I'll. Get a sense of the elevation, for any area using, these digital elevation models, if, I were to let's. Go back to QGIS and, do the same thing but this time I want to add some contours, and I think they're under reference. Elevation. Contours, yeah the 24k so back. To the elevation, contours. They were digitized. From USGS. Topo, maps that one to 24k, topo maps the. You, can actually go get the metadata about that layer if you want to determine how the contours. Were created. So. Now we've got contours, on there and if. I do that exact, same, export. And I want to make another. 3d. Object. Of this it's. Going to keep my vertical, exaggeration keep, all the settings this, time I just have a layer draped over top of that so. It should be the same visualization but. With you, know that layer of contours added on top of it so now I can zoom. In and. Work. Around and actually, see you, know where those, crowns. And points how. Those contours, actually. Work with that. You. Okay. So, yeah this is an actual HTML page by the way that you can take this this. Browser, page take it posted, online and, host. It and it's a regular web page that anybody can come visit rename. It add whatever you need to to. Make it on a regular. Web page that works, within your website. Go ahead. Yeah. It would be what you would let's, go do it would it be what you would look like what, it would look like in, real world scaled, um let's let's go ahead and do that but it doesn't make for a good visualization. But, let's do it for. Illustration. Purposes, so. Exactly. I'm going to go ahead and remove those elevation, contours. Before. We do that okay. And. This. Time we. Say vertical exaggeration of. Wine. Just, playing. And. Let's see what it looks like. You, know I chose, Orange County and southern Indiana because it is one that has some, of the most relief southern Indiana has the most relief and without. Exaggerating. Relief you know this area right here is you. Know pretty. Rolling. If. You were to you. Know go look at one of the counties in northern Indiana yeah it this, would look just. Nothing. There. Oh. Yeah I mean sure. Yes. But yeah you may have to get up into the eighth or Ken area to make that happen yeah, yeah. So. Yeah. That was it that that, visualization right, there the ones we're looking at right there are basically the grand finale we. Looked at the types, of datasets that I wanted to cover and how to use them in how, to bring them in to QGIS and, how to. Export. A web. Page a. Interactive. Web. Page with, this data so, that you can host it locally or do. Whatever you want with it I. Mean. For what. Five till five. Questions. Can I go, ahead David yeah oh.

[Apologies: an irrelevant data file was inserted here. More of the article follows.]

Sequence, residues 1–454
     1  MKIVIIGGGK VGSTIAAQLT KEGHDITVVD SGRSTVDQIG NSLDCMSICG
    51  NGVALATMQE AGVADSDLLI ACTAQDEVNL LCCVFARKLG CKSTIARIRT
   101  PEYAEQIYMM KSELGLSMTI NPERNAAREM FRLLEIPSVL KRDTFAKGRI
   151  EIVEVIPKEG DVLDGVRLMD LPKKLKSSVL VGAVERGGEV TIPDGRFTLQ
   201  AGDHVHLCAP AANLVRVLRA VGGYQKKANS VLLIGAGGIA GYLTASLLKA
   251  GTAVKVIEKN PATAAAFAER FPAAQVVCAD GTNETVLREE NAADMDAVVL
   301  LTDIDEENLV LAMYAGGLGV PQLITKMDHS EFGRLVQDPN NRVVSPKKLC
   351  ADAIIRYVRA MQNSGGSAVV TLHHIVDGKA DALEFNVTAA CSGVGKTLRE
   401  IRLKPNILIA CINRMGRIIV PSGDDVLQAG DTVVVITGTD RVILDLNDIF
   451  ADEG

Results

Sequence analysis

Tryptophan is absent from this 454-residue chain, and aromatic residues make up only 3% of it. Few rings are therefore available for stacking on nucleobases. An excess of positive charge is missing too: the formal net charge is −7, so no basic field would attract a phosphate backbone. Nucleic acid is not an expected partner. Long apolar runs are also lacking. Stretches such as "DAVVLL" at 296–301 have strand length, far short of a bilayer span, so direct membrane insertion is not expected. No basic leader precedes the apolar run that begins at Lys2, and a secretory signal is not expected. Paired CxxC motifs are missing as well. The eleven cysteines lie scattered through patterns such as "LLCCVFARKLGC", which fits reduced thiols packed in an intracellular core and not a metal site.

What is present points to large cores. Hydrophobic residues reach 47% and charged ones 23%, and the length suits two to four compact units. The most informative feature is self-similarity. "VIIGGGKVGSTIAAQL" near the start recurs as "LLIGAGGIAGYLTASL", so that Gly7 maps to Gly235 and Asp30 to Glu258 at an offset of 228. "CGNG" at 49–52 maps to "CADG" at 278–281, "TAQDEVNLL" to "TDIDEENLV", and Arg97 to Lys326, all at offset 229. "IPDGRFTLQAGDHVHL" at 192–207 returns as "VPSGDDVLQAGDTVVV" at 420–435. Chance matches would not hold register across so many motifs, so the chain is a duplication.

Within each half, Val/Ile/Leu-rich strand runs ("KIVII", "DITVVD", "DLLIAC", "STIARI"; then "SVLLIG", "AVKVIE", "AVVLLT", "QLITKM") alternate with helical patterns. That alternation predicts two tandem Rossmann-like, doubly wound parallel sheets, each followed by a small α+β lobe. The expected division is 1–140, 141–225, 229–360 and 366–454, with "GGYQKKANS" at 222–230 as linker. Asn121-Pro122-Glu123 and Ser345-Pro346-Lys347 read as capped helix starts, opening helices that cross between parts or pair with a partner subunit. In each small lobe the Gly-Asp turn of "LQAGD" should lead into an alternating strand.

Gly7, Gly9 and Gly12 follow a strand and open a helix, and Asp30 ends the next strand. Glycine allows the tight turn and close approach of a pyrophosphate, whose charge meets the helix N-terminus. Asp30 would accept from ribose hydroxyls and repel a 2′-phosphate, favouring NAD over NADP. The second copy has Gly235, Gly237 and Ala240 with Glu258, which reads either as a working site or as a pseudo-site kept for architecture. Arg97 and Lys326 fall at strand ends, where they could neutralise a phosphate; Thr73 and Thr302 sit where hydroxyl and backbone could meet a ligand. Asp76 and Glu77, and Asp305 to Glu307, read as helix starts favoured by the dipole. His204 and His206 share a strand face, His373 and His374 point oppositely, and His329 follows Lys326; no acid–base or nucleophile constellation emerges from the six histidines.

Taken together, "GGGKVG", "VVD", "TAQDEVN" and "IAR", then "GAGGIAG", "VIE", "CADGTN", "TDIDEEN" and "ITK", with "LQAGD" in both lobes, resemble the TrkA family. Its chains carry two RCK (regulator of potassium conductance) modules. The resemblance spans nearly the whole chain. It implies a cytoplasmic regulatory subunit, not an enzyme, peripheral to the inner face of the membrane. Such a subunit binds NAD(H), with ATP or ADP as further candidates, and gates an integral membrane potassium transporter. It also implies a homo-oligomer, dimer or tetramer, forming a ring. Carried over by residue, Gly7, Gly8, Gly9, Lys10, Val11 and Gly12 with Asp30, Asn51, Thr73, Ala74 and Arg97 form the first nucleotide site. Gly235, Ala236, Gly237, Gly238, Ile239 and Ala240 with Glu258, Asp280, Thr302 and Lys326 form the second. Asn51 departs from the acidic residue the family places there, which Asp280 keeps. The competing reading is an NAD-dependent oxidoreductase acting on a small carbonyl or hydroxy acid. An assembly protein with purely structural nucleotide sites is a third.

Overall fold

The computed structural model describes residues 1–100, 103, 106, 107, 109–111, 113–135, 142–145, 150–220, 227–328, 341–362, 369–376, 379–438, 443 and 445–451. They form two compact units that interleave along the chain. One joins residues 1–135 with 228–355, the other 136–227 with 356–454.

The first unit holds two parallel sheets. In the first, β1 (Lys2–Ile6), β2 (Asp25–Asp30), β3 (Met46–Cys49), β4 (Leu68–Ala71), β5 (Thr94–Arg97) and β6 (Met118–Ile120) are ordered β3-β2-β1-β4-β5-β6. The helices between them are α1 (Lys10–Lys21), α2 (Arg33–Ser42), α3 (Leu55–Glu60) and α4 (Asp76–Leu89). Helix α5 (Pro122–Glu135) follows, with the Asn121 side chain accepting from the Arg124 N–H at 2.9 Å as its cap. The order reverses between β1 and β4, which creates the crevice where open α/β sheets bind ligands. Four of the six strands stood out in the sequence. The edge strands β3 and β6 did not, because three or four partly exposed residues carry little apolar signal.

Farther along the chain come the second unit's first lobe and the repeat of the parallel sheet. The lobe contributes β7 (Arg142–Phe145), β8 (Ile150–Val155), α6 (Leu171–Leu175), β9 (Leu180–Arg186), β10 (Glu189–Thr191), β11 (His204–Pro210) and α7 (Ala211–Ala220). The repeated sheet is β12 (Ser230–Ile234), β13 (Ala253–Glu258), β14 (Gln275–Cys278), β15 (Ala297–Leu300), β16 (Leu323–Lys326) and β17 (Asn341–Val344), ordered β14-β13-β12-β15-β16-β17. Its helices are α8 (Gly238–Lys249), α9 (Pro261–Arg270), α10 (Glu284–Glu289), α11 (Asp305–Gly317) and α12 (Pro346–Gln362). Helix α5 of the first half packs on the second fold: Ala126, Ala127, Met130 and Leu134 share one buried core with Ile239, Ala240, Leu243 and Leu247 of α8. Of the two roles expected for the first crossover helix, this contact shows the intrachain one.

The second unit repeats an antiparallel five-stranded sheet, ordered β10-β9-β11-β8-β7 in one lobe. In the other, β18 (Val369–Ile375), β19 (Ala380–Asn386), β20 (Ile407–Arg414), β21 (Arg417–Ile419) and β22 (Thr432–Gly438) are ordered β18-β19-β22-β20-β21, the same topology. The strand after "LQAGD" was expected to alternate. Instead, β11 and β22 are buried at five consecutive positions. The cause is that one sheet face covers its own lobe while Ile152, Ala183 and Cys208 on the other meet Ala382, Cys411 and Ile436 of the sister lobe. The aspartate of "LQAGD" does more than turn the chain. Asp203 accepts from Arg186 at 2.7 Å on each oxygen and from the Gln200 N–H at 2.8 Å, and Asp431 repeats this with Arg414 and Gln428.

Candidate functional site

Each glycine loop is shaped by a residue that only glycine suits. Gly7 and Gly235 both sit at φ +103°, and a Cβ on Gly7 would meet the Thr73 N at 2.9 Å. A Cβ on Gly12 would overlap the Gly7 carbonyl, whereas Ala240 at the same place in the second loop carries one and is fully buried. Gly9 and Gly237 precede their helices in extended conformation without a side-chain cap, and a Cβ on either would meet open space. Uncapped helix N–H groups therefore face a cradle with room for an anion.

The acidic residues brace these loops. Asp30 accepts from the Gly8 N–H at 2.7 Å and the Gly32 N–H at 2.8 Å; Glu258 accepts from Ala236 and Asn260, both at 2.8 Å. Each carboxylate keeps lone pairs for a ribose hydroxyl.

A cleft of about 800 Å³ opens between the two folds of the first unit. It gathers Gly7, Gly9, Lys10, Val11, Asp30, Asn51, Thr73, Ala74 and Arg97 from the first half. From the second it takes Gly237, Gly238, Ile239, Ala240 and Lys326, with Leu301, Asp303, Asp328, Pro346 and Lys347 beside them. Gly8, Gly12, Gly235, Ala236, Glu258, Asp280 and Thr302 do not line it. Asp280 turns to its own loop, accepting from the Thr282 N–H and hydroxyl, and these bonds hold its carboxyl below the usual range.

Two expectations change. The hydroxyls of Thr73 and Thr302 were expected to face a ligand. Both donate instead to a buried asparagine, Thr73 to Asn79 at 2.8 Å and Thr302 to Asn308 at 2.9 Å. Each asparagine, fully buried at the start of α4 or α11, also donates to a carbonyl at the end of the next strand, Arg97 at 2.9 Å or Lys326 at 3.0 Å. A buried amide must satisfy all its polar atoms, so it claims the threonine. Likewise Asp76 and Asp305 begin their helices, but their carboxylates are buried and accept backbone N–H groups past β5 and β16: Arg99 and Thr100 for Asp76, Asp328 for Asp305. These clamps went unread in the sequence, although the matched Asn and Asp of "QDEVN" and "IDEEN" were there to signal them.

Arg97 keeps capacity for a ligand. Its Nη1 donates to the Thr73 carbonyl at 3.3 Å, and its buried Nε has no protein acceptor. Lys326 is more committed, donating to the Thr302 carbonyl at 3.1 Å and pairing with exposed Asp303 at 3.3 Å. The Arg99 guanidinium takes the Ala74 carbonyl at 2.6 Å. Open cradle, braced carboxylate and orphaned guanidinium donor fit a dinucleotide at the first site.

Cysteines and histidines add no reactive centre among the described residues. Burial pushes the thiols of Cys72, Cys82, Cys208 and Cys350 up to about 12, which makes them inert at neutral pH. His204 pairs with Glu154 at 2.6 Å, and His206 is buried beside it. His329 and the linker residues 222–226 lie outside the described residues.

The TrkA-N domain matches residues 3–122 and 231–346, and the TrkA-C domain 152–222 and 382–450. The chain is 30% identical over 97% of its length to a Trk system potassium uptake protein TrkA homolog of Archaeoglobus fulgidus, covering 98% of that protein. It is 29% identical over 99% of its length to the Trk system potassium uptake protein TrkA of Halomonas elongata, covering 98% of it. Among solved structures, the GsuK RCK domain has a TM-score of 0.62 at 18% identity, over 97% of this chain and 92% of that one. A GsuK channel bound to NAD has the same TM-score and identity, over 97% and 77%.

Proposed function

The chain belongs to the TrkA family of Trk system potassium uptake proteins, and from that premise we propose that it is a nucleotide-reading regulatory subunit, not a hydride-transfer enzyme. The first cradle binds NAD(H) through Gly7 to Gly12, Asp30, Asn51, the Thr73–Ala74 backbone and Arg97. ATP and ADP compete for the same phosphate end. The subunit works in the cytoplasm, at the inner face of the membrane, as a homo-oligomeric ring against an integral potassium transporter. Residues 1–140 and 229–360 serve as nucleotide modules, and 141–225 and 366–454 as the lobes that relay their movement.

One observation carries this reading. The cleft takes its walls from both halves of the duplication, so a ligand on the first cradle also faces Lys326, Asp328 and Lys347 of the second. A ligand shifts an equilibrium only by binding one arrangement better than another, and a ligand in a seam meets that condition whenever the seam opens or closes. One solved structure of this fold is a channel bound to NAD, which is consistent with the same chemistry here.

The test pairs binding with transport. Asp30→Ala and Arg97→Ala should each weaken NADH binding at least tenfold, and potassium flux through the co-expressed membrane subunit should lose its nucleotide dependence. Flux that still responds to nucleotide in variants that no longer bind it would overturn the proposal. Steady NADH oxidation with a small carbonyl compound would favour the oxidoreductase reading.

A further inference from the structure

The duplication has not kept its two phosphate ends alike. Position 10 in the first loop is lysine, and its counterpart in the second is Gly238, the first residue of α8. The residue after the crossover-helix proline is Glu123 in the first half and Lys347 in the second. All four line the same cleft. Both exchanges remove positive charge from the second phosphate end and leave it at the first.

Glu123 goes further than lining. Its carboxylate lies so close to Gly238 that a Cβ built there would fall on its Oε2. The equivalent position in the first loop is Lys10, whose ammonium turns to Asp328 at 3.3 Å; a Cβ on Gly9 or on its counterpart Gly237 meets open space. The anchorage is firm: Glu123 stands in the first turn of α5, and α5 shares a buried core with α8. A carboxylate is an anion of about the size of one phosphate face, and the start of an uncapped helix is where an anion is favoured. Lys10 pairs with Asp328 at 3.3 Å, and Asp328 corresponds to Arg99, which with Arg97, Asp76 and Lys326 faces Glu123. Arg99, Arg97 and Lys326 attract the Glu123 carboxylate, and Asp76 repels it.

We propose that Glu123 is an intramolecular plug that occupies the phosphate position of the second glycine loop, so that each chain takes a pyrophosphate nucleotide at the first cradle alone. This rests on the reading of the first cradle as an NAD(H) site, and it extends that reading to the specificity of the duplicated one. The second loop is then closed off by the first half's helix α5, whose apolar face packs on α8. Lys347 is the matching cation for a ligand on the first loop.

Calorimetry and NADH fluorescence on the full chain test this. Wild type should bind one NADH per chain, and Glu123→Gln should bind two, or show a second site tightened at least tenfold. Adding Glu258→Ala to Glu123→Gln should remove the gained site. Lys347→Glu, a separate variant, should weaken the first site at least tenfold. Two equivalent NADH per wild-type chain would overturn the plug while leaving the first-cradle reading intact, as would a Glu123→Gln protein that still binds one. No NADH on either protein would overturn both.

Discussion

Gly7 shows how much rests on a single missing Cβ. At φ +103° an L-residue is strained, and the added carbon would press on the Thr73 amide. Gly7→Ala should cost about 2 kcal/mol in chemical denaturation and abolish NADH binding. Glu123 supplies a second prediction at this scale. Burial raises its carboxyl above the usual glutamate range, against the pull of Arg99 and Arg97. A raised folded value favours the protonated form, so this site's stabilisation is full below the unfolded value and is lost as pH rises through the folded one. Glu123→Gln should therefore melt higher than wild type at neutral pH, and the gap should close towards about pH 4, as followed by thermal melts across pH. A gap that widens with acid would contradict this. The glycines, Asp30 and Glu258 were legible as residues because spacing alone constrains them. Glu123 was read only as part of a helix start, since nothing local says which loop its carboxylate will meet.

Yeah. You want to yeah, let's look at the, help me in here oh. Yeah. Good, point innocent okay David, asked what kind of controls are available in this QGIS, to 3GS. Here. We're looking at them right now all the actual. What you can do with it how to use it. If. You, know how to use three Jas and three Jas by the way. Similar. To the talk you're going to be doing later it's a it's kind of like the d3. JavaScript. Library that you can create. Well. Interact with web pages with, so, if you know how to use to a 3GS. You can use this as your starting. Template. And then go ahead and add whatever customized. Code or customized. Controls you wanted yeah. Yes. So plugins a good point I should I should have made that plugins, are. What make QGIS. Run so the, base package is, of QGIS, is awesome we looked at a couple plugins, the Indiana map plug-in that that, I had created but there are so many other plugins, so let me say manage, and install plugins and. And. If I look. 3d. So de m2 3d will create obj, you know objects, that I can actually 3d. Print these elevation. Models if I wanted there. Are several other ones in here view, 3d clients, or you, know but plugins, is where that it's not, actually. In the base, package itself, those, were Python plugins that the user community creates, and, yeah. We've actually looked, at a few of these. What. Was some of the other formats. The obj, was, one of the 3d, printing, formats, there was another popular one that I can't, yeah. Yeah and that does that one even mentioned here but, let. Me what, was STL. Yeah. So. This one else this one will support it this one else born it so. Yeah it's a matter of just, finding the right plugin. And if the plug-in doesn't exist and if you know Python you can just create your own plugin and do that it's, QGIS. Is highly integrated but with. Python. And any, of the other statistical. Or software packages, or some, other packages, so over here in my toolbox. I have you. Know I can bring in our scripts if I want to chain a methodology. Together suppose you have an R script or something that does, some analysis, and outputs a file somewhere you can chain that together so that after, that output is done you can feed that input into QGIS, and kind of chain, a workflow, so that you, don't have to stick with QGIS. But you can put, together a model that'll take, some Python code do, something in QGIS, take the output use R and any, of these other packages. I mentioned, last tools there's a lot of the tools that tools. For lidar over, here. So. You can take these last so we mentioned last to de M but you can take two to last files a last, difference, my, input laughs and my new last and say what, changed, in between these two data, collections was there a building that was created did, somebody you, know remove a forest and actually get some, quantifiable. Metrics as far as change, between two data sets a lot, of other geo. Algorithms, and tools over here that are included that just, not going to have time to have covered today yeah.